5

I'm (still) putting an old Pentium PC together. I just found that the connectors of my serial port's ribbon cable have one less hole than needed. The socket on the mainboard has 10 pins, but the 10th hole of the connector is blocked. I have two serial ports, and both have the same connector.

The parallel port's connector is good. Later I found that the IDE cables also had a blocked hole. Fortunately I had a pair of "regular" ones, so that's not an issue. But I don't remember ever seeing connectors like this in the IDE era.

Can I simply drill the missing hole into the connector so it sits in the socket? To the best of my knowledge, a serial port has 9 pins, not 10.

Does the 10th pin do anything?

Will the port work if it isn't connected?Please admire my nail job

4
  • 6
    Guess: Your ribbon cables have one hole less because they are made for a socket which is missing that pin, to determine the orientation of the cable. OTOH, your motherboard doesn't have those pins, so clearly the cables are not made for your motherboard. To find out if you can use your cables at all, you need to find out the pinout of your motherboard's sockets (e.g. with a manual) and also the pinout of your connectors (e.g. with a multimeter/continuity tester). If you are lucky, the pinout matches, then you can drill the hole. – dirkt Jun 14 at 20:47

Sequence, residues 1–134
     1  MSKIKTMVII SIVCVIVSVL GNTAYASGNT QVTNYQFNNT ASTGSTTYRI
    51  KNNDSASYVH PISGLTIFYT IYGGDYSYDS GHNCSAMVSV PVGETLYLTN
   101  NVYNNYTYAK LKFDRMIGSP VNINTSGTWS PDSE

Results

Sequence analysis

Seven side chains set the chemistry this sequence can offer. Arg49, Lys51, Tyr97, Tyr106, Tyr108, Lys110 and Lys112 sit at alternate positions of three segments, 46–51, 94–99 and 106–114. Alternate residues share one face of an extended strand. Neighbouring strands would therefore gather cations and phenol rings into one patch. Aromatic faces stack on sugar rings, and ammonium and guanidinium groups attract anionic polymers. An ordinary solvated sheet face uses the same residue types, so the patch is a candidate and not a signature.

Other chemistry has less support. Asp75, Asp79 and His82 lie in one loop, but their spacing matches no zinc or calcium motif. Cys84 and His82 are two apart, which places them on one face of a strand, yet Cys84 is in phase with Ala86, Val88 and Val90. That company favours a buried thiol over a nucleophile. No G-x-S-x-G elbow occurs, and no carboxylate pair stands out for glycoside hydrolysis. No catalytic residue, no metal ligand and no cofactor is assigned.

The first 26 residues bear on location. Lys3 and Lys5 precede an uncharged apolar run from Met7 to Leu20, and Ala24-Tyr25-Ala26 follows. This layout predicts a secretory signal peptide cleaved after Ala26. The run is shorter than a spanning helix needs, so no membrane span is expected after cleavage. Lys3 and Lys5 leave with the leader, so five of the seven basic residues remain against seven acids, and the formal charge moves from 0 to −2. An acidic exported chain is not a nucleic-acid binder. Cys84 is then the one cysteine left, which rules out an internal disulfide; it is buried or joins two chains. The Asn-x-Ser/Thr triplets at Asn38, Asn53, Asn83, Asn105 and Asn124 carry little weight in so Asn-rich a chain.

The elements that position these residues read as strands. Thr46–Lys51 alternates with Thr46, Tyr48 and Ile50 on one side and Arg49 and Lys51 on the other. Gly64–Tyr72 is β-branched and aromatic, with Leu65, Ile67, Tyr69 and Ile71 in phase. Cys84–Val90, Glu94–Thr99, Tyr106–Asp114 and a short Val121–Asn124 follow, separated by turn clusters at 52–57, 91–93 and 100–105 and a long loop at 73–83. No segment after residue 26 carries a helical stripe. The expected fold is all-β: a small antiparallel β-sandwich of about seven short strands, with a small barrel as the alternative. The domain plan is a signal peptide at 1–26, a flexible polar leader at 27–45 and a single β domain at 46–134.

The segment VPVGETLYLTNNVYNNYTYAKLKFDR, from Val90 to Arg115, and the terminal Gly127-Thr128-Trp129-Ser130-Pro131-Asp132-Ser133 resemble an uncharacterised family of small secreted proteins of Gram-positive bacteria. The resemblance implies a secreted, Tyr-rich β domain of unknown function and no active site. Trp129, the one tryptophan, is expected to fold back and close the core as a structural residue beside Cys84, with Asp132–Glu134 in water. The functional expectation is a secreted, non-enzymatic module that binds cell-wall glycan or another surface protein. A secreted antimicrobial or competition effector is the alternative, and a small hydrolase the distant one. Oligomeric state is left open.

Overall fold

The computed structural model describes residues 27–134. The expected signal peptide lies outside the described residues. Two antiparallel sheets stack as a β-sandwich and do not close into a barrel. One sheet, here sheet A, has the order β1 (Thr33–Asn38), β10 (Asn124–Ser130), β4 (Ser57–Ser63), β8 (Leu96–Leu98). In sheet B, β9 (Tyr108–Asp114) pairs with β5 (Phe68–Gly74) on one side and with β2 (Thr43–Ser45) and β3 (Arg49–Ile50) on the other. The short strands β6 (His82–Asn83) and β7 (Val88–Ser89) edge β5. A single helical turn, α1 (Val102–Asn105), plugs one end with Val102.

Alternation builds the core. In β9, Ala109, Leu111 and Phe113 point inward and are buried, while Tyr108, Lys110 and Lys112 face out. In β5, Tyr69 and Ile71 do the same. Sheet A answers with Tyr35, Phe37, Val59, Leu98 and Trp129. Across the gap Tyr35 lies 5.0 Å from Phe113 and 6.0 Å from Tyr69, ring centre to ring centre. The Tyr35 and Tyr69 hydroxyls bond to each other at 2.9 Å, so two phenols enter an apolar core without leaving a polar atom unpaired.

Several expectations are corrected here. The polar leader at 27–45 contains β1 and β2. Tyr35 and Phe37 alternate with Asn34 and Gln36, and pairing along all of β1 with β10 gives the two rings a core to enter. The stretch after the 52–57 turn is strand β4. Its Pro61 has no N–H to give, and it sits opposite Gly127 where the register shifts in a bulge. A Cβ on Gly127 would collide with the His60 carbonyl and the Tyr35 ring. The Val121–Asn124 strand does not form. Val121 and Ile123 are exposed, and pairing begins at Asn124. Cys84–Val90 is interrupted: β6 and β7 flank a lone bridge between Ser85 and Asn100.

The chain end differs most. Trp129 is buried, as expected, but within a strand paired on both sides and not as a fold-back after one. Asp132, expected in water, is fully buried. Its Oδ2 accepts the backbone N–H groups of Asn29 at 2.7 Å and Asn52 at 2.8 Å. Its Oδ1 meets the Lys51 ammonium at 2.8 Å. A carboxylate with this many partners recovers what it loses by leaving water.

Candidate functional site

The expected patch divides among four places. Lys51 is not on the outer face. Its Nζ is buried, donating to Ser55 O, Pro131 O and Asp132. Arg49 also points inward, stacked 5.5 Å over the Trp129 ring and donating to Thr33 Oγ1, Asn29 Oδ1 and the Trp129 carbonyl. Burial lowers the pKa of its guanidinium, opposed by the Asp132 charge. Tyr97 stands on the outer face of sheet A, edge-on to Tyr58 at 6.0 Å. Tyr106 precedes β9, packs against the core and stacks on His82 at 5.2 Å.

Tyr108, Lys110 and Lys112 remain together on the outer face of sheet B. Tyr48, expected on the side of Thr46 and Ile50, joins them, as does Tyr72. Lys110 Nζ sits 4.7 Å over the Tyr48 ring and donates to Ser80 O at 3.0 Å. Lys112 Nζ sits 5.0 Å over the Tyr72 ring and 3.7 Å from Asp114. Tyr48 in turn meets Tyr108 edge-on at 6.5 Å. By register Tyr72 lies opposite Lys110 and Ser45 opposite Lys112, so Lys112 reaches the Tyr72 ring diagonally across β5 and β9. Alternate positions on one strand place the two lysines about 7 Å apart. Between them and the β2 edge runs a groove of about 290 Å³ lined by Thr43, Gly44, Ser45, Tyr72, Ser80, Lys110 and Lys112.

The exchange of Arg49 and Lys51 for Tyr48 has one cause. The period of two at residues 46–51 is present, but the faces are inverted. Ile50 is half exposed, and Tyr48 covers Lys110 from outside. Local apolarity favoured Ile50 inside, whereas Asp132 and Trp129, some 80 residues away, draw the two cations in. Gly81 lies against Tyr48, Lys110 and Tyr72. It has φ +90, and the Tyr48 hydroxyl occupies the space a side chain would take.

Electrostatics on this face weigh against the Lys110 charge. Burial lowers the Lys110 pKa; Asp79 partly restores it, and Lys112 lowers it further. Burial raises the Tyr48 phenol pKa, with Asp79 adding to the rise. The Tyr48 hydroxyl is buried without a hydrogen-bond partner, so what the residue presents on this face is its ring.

• 1
    Ah yes, problem No. 2.: I don't have a manual for this motherboard, and it's nowhere to be found. I even opened a question about it. – Tamás Polgár Jun 14 at 20:48
  • 3
    Do you have a multimeter to check the pinout? Pin 5 is ground, and pins 3, 4 and 7 are outputs that should have either positive or negative voltage at levels between 5 and 12 volts. – Justme Jun 14 at 21:01
  • 1
    I do, and now i wonder why have I never thought of this... Thanks! – Tamás Polgár Jun 14 at 22:04
17

In more recent designs, since the mid-2000s I think, it became common to include "key" pins like this to reduce assembly errors. In most cases the pin removed was non-essential in the first place, eg. an extra ground pin or a no-connect. I think in this case it is a no-connect.

In the case of COM headers, there are actually two different pinouts which require two different cables to interface. You should probably check your motherboard's manual to see if it describes which one it happens to use. Modern cables will probably be for the AT/EVEREX pinout, which maps the numbered header pins directly to the same numbered D-sub pins. That, at least, is what my current MSI boards use.

4
  • ...and that's not counting the pinouts which aren't de facto standard. I have a hand-me-down dual-core HP small form factor PC from the DDR2 era that uses a completely non-standard connector with more than 10 pins for the COM2 header, where eBay photos reveal the matching part to have a small PCB with at least one IC on it hanging off the back of the expansion slot plate. (I didn't feel having COM2 on it was worth over $20 Canadian when I've got Chinese USB-Serial cables, so I can't say anything more.) – ssokolow Jun 14 at 21:21